Advertisement
YOU ARE HERE: LAT HomeCollectionsCooking

Four Café in Eagle Rock keeps it in the family

Corey and Michelle Wilton team with Corey's parents to create a homespun restaurant that features seasonal cooking.

May 03, 2010|By Jessica Gelt, Los Angeles Times
  • The flat iron steak sandwich at Four Cafe in Eagle Rock is served with ginger and cilantro slaw.
The flat iron steak sandwich at Four Cafe in Eagle Rock is served with ginger… (Bret Hartman / For The Times )

Nothing brings a family of artists together like transforming the sterile, corporate interior of a former Coldwell Banker office into an exceedingly warm and rustic restaurant. At least that's what husband-and-wife team Corey and Michelle Wilton discovered when they opened up Four Café in Eagle Rock last month.

Corey is a painter, his father, Paul, is a master machinist and designs glass-blowing studios, and his mother, Leslie, is a glass blower. Michelle is a chef who spent the last six years cooking for wealthy families on the Westside and cut her teeth making pastries at L'Orangerie and Patina before that.

Together they became a Warhol-esque restaurant-creating factory with the end goal being the deliverance of Corey and Michelle into what they saw as the relative safety of self-employment.

"Michelle was working for other people and I was assisting a private art dealer," said Corey. "And with the way the economy went last year, it was really rough. It made us think, 'What if something happened to the people we rely on for a living?' "

Their solution was to create a homespun restaurant designed by Corey and Paul (with gorgeous, colorful blown glass lamps made by Leslie) that featured the whimsical, seasonal cooking of Michelle.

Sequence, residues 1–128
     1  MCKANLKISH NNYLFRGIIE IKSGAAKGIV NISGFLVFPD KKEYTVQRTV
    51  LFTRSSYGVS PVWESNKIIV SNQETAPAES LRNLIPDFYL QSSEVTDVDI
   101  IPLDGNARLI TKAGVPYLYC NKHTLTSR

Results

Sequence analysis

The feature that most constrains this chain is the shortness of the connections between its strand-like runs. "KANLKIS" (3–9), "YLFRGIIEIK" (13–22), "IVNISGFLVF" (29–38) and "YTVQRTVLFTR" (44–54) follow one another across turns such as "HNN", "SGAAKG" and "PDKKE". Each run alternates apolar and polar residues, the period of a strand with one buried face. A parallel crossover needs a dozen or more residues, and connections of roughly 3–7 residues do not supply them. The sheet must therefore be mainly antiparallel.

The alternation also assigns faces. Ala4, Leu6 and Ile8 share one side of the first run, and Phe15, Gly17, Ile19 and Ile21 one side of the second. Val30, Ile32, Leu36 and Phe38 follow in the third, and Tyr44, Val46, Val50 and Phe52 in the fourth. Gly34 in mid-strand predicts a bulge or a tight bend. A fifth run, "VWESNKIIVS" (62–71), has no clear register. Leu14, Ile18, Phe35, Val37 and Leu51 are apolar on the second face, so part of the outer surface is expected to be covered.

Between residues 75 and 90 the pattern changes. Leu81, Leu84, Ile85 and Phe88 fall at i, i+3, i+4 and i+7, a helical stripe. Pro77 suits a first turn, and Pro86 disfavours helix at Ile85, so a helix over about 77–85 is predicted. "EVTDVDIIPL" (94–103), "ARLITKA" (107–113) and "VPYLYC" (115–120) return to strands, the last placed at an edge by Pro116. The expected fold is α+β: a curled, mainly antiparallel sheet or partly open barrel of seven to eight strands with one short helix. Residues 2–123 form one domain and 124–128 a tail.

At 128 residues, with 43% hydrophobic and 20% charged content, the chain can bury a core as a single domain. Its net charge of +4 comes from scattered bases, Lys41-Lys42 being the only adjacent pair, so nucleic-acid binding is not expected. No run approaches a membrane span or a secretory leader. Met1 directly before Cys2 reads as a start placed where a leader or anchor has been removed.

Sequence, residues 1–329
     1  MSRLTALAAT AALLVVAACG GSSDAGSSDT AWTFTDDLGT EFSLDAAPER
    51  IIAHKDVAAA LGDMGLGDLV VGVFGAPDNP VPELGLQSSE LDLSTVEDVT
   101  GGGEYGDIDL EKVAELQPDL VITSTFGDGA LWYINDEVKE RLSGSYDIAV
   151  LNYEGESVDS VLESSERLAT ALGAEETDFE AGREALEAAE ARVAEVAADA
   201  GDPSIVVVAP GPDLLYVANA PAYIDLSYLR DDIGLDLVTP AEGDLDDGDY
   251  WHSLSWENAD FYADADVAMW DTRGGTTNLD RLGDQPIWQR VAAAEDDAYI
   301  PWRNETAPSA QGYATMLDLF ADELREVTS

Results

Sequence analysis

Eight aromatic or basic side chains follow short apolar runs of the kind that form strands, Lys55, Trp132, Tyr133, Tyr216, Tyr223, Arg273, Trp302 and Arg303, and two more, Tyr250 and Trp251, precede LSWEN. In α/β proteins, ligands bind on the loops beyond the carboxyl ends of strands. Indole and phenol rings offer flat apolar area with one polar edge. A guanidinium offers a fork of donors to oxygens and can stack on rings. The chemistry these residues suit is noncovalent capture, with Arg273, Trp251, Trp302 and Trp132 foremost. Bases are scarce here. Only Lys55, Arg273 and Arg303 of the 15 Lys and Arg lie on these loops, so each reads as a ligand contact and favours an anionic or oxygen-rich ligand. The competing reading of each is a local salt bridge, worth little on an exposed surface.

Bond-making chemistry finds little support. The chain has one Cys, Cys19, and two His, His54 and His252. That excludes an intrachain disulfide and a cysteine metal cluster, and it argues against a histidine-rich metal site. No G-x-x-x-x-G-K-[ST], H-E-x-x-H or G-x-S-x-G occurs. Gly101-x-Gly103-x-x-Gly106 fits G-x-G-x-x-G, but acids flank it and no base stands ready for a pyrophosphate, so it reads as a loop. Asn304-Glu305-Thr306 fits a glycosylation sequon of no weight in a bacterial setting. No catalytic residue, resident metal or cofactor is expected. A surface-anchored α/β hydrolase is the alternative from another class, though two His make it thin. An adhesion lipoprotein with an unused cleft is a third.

"People have always raved about her cooking," said Corey of Michelle, who gets a majority of her produce from local farms and farmers markets. "The food we serve here is the stuff that Michelle would make at home."

The menu at Four changes with the four seasons (the number also indicates that Corey and Michelle have been married and living in Eagle Rock for four years) and is divided into soups, salads, sandwiches and desserts. It features light but nuanced options including a crispy pancetta and fig salad on baby spinach; a roasted pork loin sandwich with a tangy olive marmalade, blood orange and fennel; an oven-roasted tomato panini with earthy kale and burrata; and a fragrant red lentil soup spiced with tandoori paste and topped with cilantro yogurt.

The crunchy baguettes used for some sandwiches and sold at the counter are baked at Bouchon by Ivan Marquez, who moonlights at Four. Marquez also makes the tasty fennel caramels sold at the front counter where customers place their orders.

Counter service is appropriate, since the space is small and narrow with rough-hewn wood tables backed by a long black-cushioned bench along one wall and a wooden bar for single diners along the other wall. The tables are made from reclaimed barn wood that Corey and Paul got from a reclamation center in Sun Valley. The back wall is also made from a collection of rough, worn wood.

Small potted plants top each table and decadent desserts sit in glass cake stands by a large, sun-filled window that looks out onto Colorado Boulevard.

"My relationship with my dad has been OK over the years," said Corey. "But this project brought us together in a way that I don't think anything else could. Now he and my mom call all the time and ask, 'How'd you guys do tonight? Is that shelf holding up?' "

Four Café

Where: 2122 1/2 Colorado Blvd., Eagle Rock

When: 11 a.m. to 9 p.m. daily

Price: Soups, salads and sandwiches, $4 to $12.50

Contact: (323) 550-1988; http://www.fourcafe.net

jessica.gelt@latimes.com

Advertisement
Los Angeles Times Articles
|
|
|